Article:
The Virtual Observatory
Solar System in 3D

Version: 3.0 2020-04-01


Skybot3D is an extension of the SkyBoT service. It is composed of a Web service and a standalone software. It has been designed for whom wants to explore the Solar System in 3D, to learn the structure of the small solar system objects, and to visualize the various population classes of asteroids (NEAs, Main Belts, Trojans, Centaurs, KBOs), comets, planets and major natural satellites . It is also a usefull service to query and retrieve at once the heliocentric state vectors or spherical coordinates of all solar system objects or a subset of them.

The high accuracy ephemeris provided by Skybot3D makes it perfect for scientists who are interested to get quickly a snapshot of the solar system at a given epoch.

Skybot3D is also the ideal tool for whom wants to create realistic animations such as a Solar system tour or the encounter of a Near-Earth asteroid with the Earth. View demo...


The Skybot3D Web service allows to retrieve a dataset of positions of Solar System objects through several methods:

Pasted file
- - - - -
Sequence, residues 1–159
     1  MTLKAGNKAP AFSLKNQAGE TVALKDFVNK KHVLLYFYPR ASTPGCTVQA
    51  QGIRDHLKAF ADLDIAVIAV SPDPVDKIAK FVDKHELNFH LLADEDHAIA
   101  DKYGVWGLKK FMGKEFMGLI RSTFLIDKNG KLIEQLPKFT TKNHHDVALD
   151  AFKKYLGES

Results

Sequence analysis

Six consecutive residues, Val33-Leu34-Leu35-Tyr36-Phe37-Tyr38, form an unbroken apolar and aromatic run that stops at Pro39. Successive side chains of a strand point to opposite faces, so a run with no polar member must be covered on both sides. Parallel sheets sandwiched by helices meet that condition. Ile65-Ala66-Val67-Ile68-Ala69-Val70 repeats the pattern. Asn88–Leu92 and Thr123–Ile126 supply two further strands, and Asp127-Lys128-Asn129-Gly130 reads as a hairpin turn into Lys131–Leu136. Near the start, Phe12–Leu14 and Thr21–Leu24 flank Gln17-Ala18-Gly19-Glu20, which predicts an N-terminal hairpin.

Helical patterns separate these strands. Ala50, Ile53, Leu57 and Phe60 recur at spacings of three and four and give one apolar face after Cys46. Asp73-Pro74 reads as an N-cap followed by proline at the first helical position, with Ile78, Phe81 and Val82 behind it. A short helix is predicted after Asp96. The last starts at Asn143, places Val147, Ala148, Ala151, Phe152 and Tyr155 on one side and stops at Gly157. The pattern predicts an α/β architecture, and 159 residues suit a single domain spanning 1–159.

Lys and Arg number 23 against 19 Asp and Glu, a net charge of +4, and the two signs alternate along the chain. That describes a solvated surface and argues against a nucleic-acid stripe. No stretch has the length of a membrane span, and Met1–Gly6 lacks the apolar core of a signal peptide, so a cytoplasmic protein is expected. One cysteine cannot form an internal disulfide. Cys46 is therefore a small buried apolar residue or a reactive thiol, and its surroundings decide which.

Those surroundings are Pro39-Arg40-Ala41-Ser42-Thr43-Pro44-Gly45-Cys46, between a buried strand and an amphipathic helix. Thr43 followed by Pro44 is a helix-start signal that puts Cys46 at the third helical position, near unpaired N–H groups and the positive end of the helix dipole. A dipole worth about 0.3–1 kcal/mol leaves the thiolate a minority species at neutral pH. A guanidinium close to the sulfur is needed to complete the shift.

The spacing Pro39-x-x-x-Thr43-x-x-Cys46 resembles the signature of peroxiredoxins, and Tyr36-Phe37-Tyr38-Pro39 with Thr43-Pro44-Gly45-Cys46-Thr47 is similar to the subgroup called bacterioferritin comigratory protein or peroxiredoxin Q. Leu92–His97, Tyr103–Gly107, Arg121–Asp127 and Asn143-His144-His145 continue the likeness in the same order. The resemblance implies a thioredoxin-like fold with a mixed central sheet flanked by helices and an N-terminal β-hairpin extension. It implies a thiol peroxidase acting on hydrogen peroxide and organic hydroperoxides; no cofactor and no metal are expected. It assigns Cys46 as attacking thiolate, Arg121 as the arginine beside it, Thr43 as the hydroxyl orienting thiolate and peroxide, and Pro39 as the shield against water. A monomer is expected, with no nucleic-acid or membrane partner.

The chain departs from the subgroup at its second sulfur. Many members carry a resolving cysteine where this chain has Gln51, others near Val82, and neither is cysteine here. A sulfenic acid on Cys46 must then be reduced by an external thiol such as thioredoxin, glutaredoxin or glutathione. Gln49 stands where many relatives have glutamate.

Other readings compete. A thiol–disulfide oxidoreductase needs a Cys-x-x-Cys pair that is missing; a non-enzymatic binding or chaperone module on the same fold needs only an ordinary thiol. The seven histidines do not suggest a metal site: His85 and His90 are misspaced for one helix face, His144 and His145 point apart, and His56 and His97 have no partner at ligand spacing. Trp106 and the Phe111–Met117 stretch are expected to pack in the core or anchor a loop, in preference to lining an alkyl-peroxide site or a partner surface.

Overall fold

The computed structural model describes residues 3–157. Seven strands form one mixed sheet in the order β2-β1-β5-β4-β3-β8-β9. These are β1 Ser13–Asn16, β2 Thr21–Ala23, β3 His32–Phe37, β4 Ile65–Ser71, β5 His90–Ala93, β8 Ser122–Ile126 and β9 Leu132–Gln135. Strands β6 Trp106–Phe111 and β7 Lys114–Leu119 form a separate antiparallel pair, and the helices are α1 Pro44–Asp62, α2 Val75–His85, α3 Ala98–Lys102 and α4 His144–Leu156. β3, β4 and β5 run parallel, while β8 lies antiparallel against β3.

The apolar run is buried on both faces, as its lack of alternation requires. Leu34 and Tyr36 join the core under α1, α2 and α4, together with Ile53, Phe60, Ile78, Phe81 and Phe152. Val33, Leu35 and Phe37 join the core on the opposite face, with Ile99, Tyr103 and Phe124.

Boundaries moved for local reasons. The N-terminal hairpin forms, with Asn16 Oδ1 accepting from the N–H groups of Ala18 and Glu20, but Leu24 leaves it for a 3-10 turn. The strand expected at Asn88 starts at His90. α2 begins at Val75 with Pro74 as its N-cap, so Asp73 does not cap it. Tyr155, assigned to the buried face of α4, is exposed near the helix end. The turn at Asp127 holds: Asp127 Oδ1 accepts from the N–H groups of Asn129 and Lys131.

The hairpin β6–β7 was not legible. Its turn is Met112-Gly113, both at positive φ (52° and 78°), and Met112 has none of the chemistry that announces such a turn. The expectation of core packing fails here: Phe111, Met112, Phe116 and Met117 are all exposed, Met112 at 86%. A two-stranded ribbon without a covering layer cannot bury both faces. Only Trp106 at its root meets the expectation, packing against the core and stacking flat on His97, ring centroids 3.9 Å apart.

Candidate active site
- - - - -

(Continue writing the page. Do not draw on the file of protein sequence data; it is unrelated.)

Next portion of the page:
This method extracts the positions of asteroids from the Skybot database, for a reference epoch the closest from the requested epoch.
This method extracts the positions of comets from the Skybot database, for a reference epoch the closest from the requested epoch.
This method computes the positions of planets and their major satellites, for a reference epoch the closest from the requested epoch.
This method provides the positions of all the Solar System objects (asteroids, comets, planets and their major natural satellites) for a reference epoch the closest from the requested epoch.
Administrative method:
This method provides the availability of the Skybot3D Web-service. Check now!

Practical use

The Skybot3D service is a SaaS which allows to access methods to gather Solar System state vectors through SOAP requests or by using VO applications such as Aladin or Topcat. The underlying technology (XML+SOAP+WSDL) being inherently interoperable, you can use them and implement them regardless of what your favourite platform and operating system are. For that, you can freely download toolkits client to help you to make the integration of the Skybot3D service seamless with your code.